Interface of Region, Religion and Politics
Ashutosh Kumar
REGION, RELIGION AND POLITICS: 100 YEARS OF SHIROMANI AKALI DAL by Amarjit S. Narang Manohar Books, New Delhi, , 401 pp., 1995.00
January 2023, volume 47, No 1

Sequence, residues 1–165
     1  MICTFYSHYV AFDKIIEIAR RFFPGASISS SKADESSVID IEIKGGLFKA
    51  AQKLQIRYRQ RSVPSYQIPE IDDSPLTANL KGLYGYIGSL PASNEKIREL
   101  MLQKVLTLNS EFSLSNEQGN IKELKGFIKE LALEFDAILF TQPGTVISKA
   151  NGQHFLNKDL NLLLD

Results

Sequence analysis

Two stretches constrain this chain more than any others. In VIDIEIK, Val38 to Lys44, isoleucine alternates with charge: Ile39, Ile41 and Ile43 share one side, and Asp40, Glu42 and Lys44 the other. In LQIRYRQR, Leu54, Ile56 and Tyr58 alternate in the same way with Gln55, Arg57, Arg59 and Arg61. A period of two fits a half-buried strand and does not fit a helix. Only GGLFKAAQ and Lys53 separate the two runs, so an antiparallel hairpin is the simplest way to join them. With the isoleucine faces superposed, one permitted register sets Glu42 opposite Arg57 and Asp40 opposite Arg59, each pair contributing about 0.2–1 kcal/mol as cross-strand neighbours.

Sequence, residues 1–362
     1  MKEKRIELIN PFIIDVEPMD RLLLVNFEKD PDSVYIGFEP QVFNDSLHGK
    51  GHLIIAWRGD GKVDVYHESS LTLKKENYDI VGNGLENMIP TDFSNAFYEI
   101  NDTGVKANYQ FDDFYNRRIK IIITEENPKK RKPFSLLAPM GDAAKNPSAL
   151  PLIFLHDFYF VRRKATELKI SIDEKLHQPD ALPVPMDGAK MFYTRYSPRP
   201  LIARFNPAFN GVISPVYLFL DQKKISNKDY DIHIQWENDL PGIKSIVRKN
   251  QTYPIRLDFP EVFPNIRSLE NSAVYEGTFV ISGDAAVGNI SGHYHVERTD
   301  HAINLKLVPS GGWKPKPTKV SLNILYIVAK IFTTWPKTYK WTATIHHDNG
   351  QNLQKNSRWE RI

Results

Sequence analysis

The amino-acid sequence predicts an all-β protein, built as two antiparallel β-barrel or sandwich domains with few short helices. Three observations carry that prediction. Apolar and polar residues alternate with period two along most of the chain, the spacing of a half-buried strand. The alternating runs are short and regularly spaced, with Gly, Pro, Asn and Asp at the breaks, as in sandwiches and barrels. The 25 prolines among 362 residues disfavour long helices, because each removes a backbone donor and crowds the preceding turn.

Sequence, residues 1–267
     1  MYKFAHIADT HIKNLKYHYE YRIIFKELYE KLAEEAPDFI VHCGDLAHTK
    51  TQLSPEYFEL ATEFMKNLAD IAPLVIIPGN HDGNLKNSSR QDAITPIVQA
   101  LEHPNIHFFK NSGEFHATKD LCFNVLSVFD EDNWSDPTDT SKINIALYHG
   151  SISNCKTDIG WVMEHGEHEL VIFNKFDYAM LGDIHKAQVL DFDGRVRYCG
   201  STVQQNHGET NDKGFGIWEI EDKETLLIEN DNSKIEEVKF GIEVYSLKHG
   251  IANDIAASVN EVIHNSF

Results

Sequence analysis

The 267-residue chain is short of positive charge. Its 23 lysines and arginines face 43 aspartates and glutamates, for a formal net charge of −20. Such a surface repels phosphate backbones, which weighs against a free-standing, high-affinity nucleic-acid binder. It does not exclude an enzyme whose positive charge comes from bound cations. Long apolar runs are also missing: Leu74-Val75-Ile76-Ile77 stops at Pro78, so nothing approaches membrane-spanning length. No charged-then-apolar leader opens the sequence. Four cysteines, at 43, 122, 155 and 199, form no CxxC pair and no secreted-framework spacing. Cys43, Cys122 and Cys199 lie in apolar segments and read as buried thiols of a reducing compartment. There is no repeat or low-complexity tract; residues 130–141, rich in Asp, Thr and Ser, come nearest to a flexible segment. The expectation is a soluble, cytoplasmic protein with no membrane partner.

Reading the synoptic narrative of the hundred years of the chequered political career of the Shiromani Akali Dal in the volume under review makes us aware about the uniqueness of the oldest State-level Party which emanated from a religious reformist movement and went on to qualify both as a ‘regionalist’ and an ‘ethnic’ party. As ethnic Party, Akali Dal has sought and received considerable political support from the Sikhs in India and even among the Sikh diaspora, while taking up the community’s religious, social and political causes as central to the Party agenda. As a ‘panthic party’, Akali Dal since its inception has claimed to be the ‘sole representative’ of the Sikhs (p. 78). Also, like the other two similar ideologically rooted/cadre-based ‘regionalist’ parties coming out of movement, i.e., the National Conference (NC) and the DMK, Akali Dal has also for long pursued cultural and geographical region-specific autonomist politics vis-à-vis the centre. The Party stand has always been based on the adoration of two political deities—communitarian nationalism and Indian nationalism (p. 79).  However, given the significant territorial and demographic changes that happened in Punjab at the time of Partition and even after the reorganization in 1966, the Party finds itself often as being ‘trapped at the crossroads of region and religion’ (p. 344).

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